KIT: Keep in Touch

  • Published
  • By Airman 1st Class Kali L. Gradishar
  • 92nd Air Refueling Wing Public Affairs
During a visit with my family in December, we found ourselves discussing the whereabouts and statuses of high school friends - who was married, had children, was pregnant or had moved to another part of the country.

Eventually, the yearbooks came out and as we flipped through the book filled with memories of the not-so-long-ago, I read a few of the messages friends spilled on the pages.

One of the messages I noticed the most was "KIT," or keep in touch.

It had taken me some time to realize just how important that message really was - with family, friends, teachers and acquaintances in the service.

Family members are often the central focus of a person's life. No matter which direction you turn in life, there will usually be a family not far behind you in case you need someone to turn to. My family is my backbone. Honor, pride, work-ethics and love were given and taught to me by my family. Keeping in touch with my family is what keeps me sane and centered. When is the last time you dialed your parents, grandparents, aunts and uncles, or cousins?

It is common for a group of friends to take separate paths, heading to college or the military, traveling, or taking a break from school to just hang around. The one thing that connects many friends is the telephone. It only takes a short amount of time to call up an old pal, ask them how they've been, what's new in their life and what they have planned for the future. Don't wait until your high school reunion to catch up.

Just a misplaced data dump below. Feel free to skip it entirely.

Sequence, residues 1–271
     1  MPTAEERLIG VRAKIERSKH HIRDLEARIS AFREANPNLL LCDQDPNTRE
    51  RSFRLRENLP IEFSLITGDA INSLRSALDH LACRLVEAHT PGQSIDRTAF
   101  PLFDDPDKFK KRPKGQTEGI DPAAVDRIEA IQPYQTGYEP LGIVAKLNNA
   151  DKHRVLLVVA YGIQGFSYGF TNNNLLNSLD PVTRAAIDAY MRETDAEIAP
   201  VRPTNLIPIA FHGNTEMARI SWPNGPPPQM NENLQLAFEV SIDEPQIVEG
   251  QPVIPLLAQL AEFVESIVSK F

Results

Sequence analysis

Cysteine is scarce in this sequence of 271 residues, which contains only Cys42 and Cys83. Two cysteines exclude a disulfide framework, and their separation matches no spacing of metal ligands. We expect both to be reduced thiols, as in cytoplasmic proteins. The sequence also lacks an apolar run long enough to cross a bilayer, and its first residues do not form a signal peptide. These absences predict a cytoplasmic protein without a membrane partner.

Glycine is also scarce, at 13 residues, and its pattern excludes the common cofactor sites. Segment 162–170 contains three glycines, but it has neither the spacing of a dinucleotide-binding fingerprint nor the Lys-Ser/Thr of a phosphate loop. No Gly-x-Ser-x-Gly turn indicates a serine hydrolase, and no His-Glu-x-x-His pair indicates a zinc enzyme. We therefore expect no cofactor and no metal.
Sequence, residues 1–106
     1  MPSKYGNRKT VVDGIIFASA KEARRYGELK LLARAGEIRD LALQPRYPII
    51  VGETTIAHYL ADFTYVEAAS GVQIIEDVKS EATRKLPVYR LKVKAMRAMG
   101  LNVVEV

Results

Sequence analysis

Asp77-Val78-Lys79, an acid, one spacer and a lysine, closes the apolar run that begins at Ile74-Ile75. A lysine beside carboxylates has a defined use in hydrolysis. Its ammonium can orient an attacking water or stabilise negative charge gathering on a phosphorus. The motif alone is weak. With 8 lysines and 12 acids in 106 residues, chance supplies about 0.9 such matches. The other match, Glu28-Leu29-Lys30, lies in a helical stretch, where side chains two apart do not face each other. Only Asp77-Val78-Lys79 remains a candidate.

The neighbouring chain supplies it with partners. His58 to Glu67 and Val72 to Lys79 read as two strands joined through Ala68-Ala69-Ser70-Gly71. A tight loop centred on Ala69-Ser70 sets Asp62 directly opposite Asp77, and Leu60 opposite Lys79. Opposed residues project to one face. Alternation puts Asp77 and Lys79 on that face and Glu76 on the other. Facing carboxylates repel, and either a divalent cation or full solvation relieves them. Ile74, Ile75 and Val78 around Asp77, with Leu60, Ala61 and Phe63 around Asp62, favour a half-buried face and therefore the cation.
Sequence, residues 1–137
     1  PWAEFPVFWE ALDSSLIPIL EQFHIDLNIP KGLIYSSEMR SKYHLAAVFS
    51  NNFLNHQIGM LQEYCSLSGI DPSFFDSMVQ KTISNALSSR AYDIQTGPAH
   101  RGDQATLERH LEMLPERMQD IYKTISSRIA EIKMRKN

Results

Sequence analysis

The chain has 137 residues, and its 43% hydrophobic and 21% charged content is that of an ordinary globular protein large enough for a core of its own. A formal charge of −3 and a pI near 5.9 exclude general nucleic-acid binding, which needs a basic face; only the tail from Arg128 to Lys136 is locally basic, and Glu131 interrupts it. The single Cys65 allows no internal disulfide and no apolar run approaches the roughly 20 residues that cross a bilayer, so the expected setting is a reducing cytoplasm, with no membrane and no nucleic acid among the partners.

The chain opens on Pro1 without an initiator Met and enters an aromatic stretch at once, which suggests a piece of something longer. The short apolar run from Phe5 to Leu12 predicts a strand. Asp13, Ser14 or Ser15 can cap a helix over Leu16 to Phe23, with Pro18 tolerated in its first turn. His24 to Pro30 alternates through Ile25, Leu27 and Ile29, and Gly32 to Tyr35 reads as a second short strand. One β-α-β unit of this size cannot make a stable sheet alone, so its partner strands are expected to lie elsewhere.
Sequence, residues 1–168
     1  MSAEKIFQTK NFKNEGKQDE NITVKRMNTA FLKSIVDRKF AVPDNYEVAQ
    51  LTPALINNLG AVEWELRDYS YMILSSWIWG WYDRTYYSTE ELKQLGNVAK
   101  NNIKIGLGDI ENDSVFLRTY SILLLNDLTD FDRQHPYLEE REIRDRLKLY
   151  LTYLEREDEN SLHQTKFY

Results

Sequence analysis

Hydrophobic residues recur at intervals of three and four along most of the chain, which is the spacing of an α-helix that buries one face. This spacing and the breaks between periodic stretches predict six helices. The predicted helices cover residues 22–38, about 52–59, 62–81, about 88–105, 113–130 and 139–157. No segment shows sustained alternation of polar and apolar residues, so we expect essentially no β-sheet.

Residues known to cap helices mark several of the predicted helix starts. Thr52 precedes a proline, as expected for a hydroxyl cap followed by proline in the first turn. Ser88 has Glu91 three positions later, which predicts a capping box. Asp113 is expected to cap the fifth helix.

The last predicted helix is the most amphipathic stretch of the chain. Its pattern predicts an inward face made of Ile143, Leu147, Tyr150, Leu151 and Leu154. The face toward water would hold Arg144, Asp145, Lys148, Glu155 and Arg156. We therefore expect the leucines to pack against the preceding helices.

The group that may be the most forgotten is the old teachers. Most of them worked countless hours to mold you into a high school graduate, ready to take on the world. My senior English teacher is one I will never forget. Her witty teaching style and tough love inspired my classmates and me to be great, for others and for ourselves. Keeping in touch with teachers reminds us of our past and encourages us to charge into the future.

The people we meet while serving in the Air Force are a special kind of people. In twenty years, when you look back on your years in the service, there will be people who stand out in your memories. Those are the members of your Air Force family - the ones who stood by you during deployments, the ones who laughed and cried with you as you encountered the ups and downs, and the ones who understood above all else what your were going through during your military career. Remembering your Air Force, as well as sister-service buddies, will keep you connected with a very significant time in your life.

We are all busy - with work, school, family and whatever is piled on the plate. But it is a worthwhile effort to keep in touch with those who made an impact on your life.